A look from J.W. Anderson's collection for Loewe.
With the exception of the T-shirt, clothes are designed for guys or gals, but never both. What we consider ‘menswear’ and ‘womenswear’ are long established social constructs – but a new league of designers are hoping to change that. They are taking the androgynous trend one step further by releasing unisex collections.
Saint Laurent’s Hedi Slimane has released his first unisex collection, ‘Psych Rock’, which features embroidered ponchos (that are far nicer than they sound) and skinny trousers. Australian-built, London-based designer Richard Nicoll has done a unisex line called ‘SH/e’ and closer to home, New Zealand brand Kowtow has won over a cult-like following with its unisex organic cotton basics.
At a mass level, American Apparel depicts unisex fashions in their ads, with men and women wearing the same plaid shirt. (There are no prizes for guessing who has more buttons undone.) The movement has even inspired a soon-to-be-released doco, The Handsome Butch, by Lena Dunham’s company A Casual Romance Productions.
J.W. Anderson for Loewe.
The blurring of gender lines in fashion wasn’t always cool, of course. Androgyny didn’t become mainstream until the ‘90s, popularised by pioneering designers such as Helmut Lang and Jil Sander and a few trailblazers before them. David Bowie had a profound impact on the way we see gender within a fashion context. And on the creation side of things, Anne Demeulemeester, never one to follow the trends, redefined notions of gender with her unisex tailoring and silhouettes. Her goal was to study the sexes – “to take them away from the roles that history makes them play”. Miuccia Prada, too, has shared her thoughts on genderless fashion. The designer told Style.com, "More and more, it feels instinctively right to translate the same idea for both genders.”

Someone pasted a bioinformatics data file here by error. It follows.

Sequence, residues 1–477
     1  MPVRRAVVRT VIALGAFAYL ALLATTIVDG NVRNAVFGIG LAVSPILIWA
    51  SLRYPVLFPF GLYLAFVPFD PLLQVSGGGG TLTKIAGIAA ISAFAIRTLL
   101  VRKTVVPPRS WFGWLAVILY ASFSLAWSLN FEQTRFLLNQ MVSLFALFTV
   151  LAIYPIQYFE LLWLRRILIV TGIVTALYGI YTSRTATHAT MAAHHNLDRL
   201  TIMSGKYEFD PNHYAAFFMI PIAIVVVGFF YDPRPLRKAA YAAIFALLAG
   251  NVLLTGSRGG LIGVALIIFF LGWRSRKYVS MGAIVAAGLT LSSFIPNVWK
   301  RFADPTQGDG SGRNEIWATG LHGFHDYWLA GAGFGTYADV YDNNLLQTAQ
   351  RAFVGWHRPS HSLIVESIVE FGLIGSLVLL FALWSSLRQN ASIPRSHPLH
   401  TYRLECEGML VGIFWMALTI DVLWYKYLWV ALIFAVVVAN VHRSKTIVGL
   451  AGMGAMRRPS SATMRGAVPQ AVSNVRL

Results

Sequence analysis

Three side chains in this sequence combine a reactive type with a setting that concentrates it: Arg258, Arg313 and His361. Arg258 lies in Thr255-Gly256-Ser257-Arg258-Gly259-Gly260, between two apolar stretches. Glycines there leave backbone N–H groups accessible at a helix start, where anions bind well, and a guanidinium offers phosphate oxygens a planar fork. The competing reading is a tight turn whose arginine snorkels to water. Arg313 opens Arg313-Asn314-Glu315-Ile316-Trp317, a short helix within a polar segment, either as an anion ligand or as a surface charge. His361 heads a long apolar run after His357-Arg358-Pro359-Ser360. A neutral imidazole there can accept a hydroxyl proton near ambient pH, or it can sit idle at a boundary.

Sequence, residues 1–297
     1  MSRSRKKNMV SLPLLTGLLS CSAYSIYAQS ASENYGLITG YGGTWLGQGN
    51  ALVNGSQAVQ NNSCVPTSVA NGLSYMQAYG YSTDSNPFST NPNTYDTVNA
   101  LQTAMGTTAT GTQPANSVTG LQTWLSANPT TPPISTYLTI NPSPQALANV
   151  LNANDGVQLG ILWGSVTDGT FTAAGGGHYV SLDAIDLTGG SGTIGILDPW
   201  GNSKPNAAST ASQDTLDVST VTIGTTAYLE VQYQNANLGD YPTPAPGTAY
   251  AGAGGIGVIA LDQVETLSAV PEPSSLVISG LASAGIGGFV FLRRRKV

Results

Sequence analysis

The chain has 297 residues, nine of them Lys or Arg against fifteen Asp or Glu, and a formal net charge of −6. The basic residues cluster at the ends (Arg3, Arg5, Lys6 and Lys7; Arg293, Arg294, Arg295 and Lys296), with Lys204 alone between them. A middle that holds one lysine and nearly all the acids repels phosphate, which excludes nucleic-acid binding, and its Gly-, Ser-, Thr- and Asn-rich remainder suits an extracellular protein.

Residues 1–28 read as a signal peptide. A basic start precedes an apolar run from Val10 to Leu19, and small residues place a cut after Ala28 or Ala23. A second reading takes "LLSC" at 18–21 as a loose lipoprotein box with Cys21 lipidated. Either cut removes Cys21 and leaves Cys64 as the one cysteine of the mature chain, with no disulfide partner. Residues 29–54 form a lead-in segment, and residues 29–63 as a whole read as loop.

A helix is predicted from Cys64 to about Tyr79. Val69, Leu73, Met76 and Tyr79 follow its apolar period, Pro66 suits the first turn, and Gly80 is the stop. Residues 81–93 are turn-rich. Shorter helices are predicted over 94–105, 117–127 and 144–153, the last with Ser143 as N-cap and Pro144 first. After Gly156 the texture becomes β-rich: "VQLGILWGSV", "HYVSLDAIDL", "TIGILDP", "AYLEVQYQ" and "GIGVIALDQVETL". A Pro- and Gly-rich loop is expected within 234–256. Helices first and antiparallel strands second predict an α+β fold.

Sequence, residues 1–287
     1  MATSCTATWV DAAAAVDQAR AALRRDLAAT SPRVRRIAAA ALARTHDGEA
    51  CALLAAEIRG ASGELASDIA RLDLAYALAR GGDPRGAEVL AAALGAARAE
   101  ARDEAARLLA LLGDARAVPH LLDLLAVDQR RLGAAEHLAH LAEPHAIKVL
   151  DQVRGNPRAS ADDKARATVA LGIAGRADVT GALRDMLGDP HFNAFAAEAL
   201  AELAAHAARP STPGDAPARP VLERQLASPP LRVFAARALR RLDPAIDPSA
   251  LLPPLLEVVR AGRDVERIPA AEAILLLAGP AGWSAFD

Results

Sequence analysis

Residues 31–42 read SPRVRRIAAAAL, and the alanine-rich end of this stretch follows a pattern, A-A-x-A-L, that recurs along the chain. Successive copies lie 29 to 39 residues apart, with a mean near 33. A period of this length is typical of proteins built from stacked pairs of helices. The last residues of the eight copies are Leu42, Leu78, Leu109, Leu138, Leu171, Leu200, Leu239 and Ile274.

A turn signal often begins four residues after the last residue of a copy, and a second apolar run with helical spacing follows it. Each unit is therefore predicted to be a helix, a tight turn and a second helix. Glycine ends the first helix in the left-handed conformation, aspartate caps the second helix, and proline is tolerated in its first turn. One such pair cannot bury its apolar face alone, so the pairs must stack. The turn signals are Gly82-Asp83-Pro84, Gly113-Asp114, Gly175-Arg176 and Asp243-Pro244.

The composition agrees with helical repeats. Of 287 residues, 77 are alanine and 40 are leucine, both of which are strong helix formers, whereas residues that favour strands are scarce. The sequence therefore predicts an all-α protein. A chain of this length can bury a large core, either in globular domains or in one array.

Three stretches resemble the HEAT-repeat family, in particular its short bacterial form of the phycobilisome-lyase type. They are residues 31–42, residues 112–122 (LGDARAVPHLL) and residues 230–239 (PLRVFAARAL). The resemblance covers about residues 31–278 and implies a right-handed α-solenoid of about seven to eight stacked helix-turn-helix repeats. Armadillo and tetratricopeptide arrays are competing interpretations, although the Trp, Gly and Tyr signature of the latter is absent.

These days, women dressing like men – or ‘borrowing from the boys’ – has become a commonplace as colour blocking. And on the flip side, more fashion-literate men are shopping in the women’s department. In between Yeezy wearing Céline blouses and J.W. Anderson (who recently dreamed up a knock-out unisex collection for Loewe) shaking up traditional notions of masculinity with dresses, skirts and shoulder baring tops for blokes, the future of menswear is looking, well, rather feminine.
Androgynous fashion (a la Agyness Deyn’s gorgeous new line Title A) isn’t to be mistaken for unisex fashion, but the former definitely paved the way for the latter. While the androgynous look sees both sexes mix and match items from each other's wardrobes unisex dressing doesn't discriminate – it eliminates gender norms entirely. This smattering of unisex designs on fashion’s periphery does signal a subtle shift – but will they ever have mainstream success? Could a lucrative market for asexual fashion be on the horizon?
Considering the appeal of gender-neutral fashion, we don’t see why not. What makes it relevant to today’s #minimalist #normcore-loving crowd is the fact that is eschews trends completely. Often involving basic, boxy and conceptual pieces in a wider range of sizes to canvas a larger number of bodies – the movement signals easier dressing for all and more room for self-expression when wearers aren’t bound by gender constraints. When you take labels out of the picture, the focus on situation and function increases.
Then there’s the other, perhaps more obvious, pro of gender nonconforming fashion – that if you live with someone of the opposite sex, embracing it essentially means doubling your wardrobe. As giver of sage advice Vivienne Westwood says, “Take beautiful pieces from your wardrobe or from that of your friend or partner and style together with your old favourites.”
Back in the ‘60s, our visions of the future usually involved full-body jumpsuits, spacesuits and other unisex ensembles. Yet now that the future is here, why is a man in a free-flowing dress still considered taboo? The way it is isn’t the way it has to be. And when things do change, we’ll start by thanking Bowie.